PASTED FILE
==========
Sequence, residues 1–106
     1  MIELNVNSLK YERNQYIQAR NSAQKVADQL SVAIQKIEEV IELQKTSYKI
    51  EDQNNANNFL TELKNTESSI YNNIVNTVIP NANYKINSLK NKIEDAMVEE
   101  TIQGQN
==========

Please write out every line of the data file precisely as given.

Sequence, residues 1–106
     1  MIELNVNSLK YERNQYIQAR NSAQKVADQL SVAIQKIEEV IELQKTSYKI
    51  EDQNNANNFL TELKNTESSI YNNIVNTVIP NANYKINSLK NKIEDAMVEE
   101  TIQGQN